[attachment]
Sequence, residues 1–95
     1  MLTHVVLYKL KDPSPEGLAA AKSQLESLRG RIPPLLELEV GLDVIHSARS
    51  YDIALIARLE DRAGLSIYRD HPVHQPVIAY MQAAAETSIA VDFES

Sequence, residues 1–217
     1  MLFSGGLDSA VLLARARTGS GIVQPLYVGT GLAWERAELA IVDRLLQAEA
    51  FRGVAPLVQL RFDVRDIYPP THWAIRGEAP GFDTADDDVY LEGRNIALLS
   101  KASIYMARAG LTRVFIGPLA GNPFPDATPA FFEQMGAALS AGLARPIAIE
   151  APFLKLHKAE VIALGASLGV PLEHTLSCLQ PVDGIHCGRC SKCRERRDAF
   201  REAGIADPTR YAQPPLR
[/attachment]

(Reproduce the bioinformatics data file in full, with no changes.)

Sequence, residues 1–95
     1  MLTHVVLYKL KDPSPEGLAA AKSQLESLRG RIPPLLELEV GLDVIHSARS
    51  YDIALIARLE DRAGLSIYRD HPVHQPVIAY MQAAAETSIA VDFES

Sequence, residues 1–217
     1  MLFSGGLDSA VLLARARTGS GIVQPLYVGT GLAWERAELA IVDRLLQAEA
    51  FRGVAPLVQL RFDVRDIYPP THWAIRGEAP GFDTADDDVY LEGRNIALLS
   101  KASIYMARAG LTRVFIGPLA GNPFPDATPA FFEQMGAALS AGLARPIAIE
   151  APFLKLHKAE VIALGASLGV PLEHTLSCLQ PVDGIHCGRC SKCRERRDAF
   201  REAGIADPTR YAQPPLR